Bluff Rock: Autobiography of a Massacre
Fremantle Arts Centre Press, 2005 - 268 Seiten
The past is a problem for us. We know certain events happened, sometimes exactly when and yet our sometimes longing for certainty cannot be satisfied . . . We tell stories about where we come from and so who we are. We change these stories sometimes minutely, sometimes radically depending upon our audiences and our task.
Bluff Rockis organised around the key question- how do we know the past? Using historical material (letters, memoirs), a tourist brochure, and local histories, it focuses on the ways that the massacre(s) of Aborigines at Bluff Rock, in New England during the 1840s has been recorded and remembered.
It is the author's ability to lay herself on the line that makes this a courageous and even controversial text. Schlunke, who grew up in New England area, takes this one story from early colonial Australia and looks at the many ways it is organised as a memory of Indigenous/non-Indigenous relations.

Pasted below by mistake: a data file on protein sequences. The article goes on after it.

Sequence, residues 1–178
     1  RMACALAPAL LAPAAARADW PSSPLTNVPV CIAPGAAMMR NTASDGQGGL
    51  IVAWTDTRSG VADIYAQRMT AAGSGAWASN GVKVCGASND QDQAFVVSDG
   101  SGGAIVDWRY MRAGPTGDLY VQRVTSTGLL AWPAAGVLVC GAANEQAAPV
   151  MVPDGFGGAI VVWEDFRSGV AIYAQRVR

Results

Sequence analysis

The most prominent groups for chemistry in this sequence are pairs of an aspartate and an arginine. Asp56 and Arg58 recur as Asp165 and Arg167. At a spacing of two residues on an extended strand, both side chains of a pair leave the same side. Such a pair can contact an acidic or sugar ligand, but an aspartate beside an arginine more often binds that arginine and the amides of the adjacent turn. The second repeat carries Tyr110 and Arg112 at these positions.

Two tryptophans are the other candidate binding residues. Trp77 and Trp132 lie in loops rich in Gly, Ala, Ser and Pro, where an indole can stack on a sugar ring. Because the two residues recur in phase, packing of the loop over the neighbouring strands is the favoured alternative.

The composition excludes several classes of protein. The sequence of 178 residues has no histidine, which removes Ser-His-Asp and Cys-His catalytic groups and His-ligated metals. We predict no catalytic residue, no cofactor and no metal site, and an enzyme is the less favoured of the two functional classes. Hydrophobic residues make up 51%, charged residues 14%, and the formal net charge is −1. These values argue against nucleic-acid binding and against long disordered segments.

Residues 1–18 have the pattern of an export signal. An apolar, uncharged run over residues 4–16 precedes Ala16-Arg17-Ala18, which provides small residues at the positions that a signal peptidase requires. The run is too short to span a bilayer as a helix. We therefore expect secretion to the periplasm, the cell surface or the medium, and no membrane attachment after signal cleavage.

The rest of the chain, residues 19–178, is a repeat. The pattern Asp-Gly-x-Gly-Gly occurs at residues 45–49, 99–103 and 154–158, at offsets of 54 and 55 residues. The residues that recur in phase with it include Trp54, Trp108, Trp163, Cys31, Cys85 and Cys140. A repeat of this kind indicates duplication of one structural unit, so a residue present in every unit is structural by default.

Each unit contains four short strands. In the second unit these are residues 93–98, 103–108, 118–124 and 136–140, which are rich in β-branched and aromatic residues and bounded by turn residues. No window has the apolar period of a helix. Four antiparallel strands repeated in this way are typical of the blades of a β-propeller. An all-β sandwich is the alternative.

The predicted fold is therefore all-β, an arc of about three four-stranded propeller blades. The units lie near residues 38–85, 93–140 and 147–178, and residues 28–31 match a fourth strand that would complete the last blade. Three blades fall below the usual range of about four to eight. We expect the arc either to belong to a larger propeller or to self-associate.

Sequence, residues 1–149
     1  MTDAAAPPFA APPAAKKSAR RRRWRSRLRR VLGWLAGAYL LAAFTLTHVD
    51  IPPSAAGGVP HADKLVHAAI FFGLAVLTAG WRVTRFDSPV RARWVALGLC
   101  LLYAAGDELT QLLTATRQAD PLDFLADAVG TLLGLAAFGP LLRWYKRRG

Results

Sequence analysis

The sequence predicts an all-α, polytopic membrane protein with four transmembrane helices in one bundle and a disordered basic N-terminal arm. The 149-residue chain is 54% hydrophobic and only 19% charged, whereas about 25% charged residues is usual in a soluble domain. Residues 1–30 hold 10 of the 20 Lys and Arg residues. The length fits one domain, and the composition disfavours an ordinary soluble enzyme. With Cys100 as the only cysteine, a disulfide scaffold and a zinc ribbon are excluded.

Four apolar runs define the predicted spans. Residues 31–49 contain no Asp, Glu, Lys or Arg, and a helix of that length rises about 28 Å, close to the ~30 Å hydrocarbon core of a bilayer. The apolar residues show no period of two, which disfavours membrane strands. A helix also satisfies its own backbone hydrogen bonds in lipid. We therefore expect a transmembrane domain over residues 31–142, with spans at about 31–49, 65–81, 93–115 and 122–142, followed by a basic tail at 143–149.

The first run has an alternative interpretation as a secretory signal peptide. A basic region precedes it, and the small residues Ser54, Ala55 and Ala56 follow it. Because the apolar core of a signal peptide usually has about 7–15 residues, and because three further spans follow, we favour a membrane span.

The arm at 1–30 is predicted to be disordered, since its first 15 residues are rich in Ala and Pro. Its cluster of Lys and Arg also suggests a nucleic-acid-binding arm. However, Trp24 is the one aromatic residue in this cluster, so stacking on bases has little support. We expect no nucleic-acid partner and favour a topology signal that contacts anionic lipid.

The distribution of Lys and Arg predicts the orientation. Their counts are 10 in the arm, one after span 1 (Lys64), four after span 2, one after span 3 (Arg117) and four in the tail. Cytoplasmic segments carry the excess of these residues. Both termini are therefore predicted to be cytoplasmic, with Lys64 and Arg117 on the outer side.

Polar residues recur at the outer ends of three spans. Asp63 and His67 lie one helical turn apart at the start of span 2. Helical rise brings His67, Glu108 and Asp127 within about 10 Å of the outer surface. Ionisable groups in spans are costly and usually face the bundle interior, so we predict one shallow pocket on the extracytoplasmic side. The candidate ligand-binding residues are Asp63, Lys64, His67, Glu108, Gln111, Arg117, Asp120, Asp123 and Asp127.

Ergebnisse 1-3 von 4
They were tracked along the eastern side of the range towards Demon Creek.
Coming on them on the side of a deep precipice, the avenging party attacked
them and wiped them out . . .63 The blacks who were camped on the river bank
in the ...
As a simple tale of the ferocious need for an 'inferior', for an 'other', 'The Bluff
Rock Massacre' (and the perhaps real bodies at Demon Creek) slides into the
position of cultural exemplar. On the level of meta myth and psychoanalytical ...
The story of Demon Creek — removed from the Bluff, and from Irby — may place
this story closer to the Myall Creek Massacre. The Demon Creek massacre may
have been a group of station workers on a hunt, not a landowner on a sepulchral
Was andere dazu sagen - Rezension schreiben
IT HAPPENED ALONG THE HIGHWAY
WRITING AND READING THE LOCAL
8 weitere Abschnitte werden nicht angezeigt.